Attempts to treat pneumonia typically focus on pneumonia-causing pathogens. However, at Charité–Universitätsmedizin Berlin, researchers have been exploring a different approach. They are trying to strengthen the barrier function that is performed by the lungs’ blood vessels. These blood vessels, the researchers point out, are the source of the fluid in pneumonia—the fluid that can lead to pulmonary edema and acute respiratory distress syndrome (ARDS).
According to Prof. Dr. Wolfgang Kuebler, the scientist who is leading the researchers as director of Charité’s Institute of Physiology, a new approach is needed because pathogens such as SARS-CoV-2 and pneumococcus are continuing to wreak so much havoc. When these pathogens cause infections, the lungs’ blood vessels can become so permeable that airspaces fill with fluid instead of air, diminishing the exchange of gases. Getting enough oxygen becomes a struggle.
“Despite cutting-edge medical procedures, roughly 40% of patients with ARDS die in intensive care,” Kuebler observes. “The problem is that antibiotics, antivirals, and immune modulating therapies rarely work well enough. That’s why we took a very different approach in our study.”
Kuebler and colleagues uncovered the molecular mechanisms that cause barrier failure and fluid accumulation in the lungs. Then the scientists exploited these mechanisms to identify a potential new therapy: a cystic fibrosis drug called ivacaftor. The drug, a potentiator of the cystic fibrosis transmembrane conductance regulator (CFTR), proved effective in laboratory experiments, raising hope that it could be used to treat pneumonia regardless of the pathogen that caused it.
This work was reported recently in the journal Science Translational Medicine, in an article titled, “Loss of endothelial CFTR drives barrier failure and edema formation in lung infection and can be targeted by CFTR potentiation.”
“[We] identified loss of endothelial CFTR as an important pathomechanism leading to lung barrier failure in pneumonia-induced ARDS,” the article’s authors wrote. “CFTR was down-regulated after Streptococcus pneumoniae infection ex vivo or in vivo in human or murine lung tissue, respectively.”
“The CFTR potentiator ivacaftor prevented lung CFTR loss, edema, and protein leak after S. pneumoniae infection in wild-type mice,” they continued. “Ivacaftor prevented CFTR loss in the lungs of mice with pneumonia and may, therefore, represent a possible therapeutic strategy in people suffering from ARDS due to severe pneumonia.”
The CFTR chloride channel is mainly found in the mucosal cells of our airways. There, it plays a major role in keeping our mucus thin so it can drain away easily. The researchers have now shown for the first time that cells in the blood vessels of the lungs also have CFTR and that its presence is drastically reduced in pneumonia.
To find out what role CFTR plays in the pulmonary vessels and what is happening at the molecular level when the chloride channel is lost, the researchers blocked the channel with an inhibitor and dictated the number of chloride ions in the cells. They then used a special imaging technique known as immunofluorescence imaging.
“We saw that inhibiting CFTR triggered a molecular cascade that ultimately causes the lung’s blood vessels to begin leaking,” said lead author Lasti Erfinanda, PhD, a postdoc with Kuebler’s team at the Institute of Physiology. “So, CFTR actually does play a very key role in the development of pulmonary edema.”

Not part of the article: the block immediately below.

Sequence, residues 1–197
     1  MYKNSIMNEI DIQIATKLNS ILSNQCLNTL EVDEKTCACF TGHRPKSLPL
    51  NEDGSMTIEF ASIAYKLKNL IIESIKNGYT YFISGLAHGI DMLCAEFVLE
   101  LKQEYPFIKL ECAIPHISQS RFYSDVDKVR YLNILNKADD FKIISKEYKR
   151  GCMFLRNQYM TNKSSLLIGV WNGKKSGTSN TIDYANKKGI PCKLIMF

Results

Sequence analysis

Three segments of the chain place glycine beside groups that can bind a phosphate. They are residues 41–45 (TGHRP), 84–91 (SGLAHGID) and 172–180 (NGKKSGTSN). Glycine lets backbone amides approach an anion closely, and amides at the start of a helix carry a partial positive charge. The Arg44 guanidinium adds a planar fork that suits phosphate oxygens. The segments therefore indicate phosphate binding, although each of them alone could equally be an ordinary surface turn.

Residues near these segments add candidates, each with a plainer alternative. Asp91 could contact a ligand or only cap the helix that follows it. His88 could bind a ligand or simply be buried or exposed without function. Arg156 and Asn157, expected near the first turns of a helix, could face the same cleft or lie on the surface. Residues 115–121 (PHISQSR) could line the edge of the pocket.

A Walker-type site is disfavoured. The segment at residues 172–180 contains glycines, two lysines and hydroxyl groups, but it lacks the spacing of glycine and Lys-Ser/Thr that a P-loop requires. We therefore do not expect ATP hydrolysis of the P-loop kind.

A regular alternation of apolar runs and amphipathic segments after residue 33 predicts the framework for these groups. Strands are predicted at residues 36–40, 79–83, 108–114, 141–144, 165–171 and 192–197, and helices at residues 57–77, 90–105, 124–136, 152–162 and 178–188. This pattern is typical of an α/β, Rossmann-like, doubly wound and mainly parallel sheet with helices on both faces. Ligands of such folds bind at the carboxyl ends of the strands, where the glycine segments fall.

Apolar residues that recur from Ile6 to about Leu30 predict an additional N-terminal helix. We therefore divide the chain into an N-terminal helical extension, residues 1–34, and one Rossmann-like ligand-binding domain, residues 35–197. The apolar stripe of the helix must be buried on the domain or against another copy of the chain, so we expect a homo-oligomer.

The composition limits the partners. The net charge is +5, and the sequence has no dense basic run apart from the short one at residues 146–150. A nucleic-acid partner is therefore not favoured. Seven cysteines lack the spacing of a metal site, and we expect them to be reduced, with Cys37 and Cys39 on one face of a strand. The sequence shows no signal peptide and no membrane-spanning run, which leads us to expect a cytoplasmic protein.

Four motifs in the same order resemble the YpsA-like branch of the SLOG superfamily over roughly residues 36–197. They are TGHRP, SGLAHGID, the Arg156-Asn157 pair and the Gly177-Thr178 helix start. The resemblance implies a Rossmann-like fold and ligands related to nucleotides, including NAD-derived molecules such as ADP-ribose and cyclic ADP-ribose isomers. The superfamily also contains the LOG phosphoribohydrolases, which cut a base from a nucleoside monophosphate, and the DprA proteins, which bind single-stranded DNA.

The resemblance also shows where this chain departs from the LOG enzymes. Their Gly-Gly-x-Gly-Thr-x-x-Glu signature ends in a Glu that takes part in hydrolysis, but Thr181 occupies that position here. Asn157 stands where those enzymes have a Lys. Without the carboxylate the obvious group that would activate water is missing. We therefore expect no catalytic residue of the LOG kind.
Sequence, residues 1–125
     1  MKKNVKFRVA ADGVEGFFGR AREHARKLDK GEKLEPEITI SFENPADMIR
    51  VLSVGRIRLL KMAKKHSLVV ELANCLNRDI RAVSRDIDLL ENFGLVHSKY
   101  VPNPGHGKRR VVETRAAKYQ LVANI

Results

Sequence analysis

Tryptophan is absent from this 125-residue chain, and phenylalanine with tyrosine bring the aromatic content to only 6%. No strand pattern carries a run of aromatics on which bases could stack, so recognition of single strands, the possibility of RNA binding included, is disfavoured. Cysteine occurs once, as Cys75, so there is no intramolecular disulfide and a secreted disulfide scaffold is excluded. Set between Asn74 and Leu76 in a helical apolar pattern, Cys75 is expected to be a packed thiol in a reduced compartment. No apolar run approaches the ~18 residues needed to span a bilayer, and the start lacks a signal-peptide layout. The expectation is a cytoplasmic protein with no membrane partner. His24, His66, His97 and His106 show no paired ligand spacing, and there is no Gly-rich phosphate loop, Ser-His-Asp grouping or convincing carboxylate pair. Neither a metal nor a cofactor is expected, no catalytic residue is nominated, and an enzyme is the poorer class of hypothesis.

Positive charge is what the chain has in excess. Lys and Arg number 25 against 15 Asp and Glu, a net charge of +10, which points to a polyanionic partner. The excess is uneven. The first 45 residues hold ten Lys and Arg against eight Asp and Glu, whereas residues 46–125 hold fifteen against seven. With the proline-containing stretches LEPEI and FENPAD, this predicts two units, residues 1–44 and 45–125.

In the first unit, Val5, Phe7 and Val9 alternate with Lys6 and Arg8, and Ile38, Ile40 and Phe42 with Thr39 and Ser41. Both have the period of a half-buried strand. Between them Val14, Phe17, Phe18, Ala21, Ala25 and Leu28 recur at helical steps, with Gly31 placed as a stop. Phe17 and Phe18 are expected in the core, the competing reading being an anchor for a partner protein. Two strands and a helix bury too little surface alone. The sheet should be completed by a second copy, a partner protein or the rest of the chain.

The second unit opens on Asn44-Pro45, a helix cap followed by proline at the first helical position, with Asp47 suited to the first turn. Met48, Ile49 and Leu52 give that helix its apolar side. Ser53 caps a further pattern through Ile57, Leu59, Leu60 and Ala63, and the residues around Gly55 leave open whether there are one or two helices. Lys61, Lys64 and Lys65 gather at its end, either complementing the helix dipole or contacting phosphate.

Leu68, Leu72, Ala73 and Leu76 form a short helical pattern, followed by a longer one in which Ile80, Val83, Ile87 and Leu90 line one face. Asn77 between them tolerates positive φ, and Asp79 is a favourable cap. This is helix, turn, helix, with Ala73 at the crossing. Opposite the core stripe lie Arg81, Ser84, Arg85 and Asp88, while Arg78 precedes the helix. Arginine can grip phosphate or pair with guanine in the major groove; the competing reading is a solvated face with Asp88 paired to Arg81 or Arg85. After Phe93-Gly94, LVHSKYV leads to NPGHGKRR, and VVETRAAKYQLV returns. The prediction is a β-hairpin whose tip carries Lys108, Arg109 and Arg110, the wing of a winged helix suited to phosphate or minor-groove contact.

The study’s findings indicate that the loss of CFTR causes chloride to accumulate in the cells because it stops being transported out of them. The excess chloride triggers signaling that ends with an uncontrolled flow of calcium into the cells via a calcium channel.
“The increased calcium concentration then causes the vascular cells to contract—much like the effect that calcium has on muscle cells,” explained Kuebler. “This results in gaps between the cells—which allows fluid to spill out of the blood vessels. Chloride channels are therefore crucial in maintaining the barrier function of the pulmonary vessels.”
The research team then addressed another question: How could they attenuate or prevent the pneumonia-induced loss of chloride channels in the pulmonary vessels? To answer this, the researchers used a therapeutic agent that is classed as a CFTR modulator and currently used to treat cystic fibrosis.
In cystic fibrosis patients, a genetic mutation prevents the CFTR chloride channel from working properly in the mucosal cells of the airways, resulting in very viscous mucus. “Ivacaftor is a drug that increases the chances of the chloride channel opening, which helps the mucus to flow through the airways,” Erfinanda explained. “We wanted to see if it would also have a positive effect on the cells in the blood vessels of the lungs.”
Ivacaftor did make the chloride channels more stable: it led to less degradation in the channels than that typically caused by the lung’s inflammatory processes. Experiments on animal models showed the same effect: treatment with ivacaftor increased the probability of surviving severe pneumonia, reduced lung injury, and resulted in much milder symptoms and a much better general condition than without the drug.
“We really weren’t expecting it to work so well,” Kuebler remarked. “We hope our findings will pave the way for clinical trials to test the efficacy of CFTR modulators in pneumonia patients. If this promising, pathogen-independent therapy finds its way into clinical practice, it could benefit a huge number of patients and prevent pneumonia from becoming life-threatening—even in the case of unknown pathogens.”
Kuebler and his team are now planning research projects aimed at developing other potential therapies based on the CFTR signaling pathway. They are also going to research which patients have an elevated risk of developing ARDS, so they can provide these patients with preventive, personalized treatment.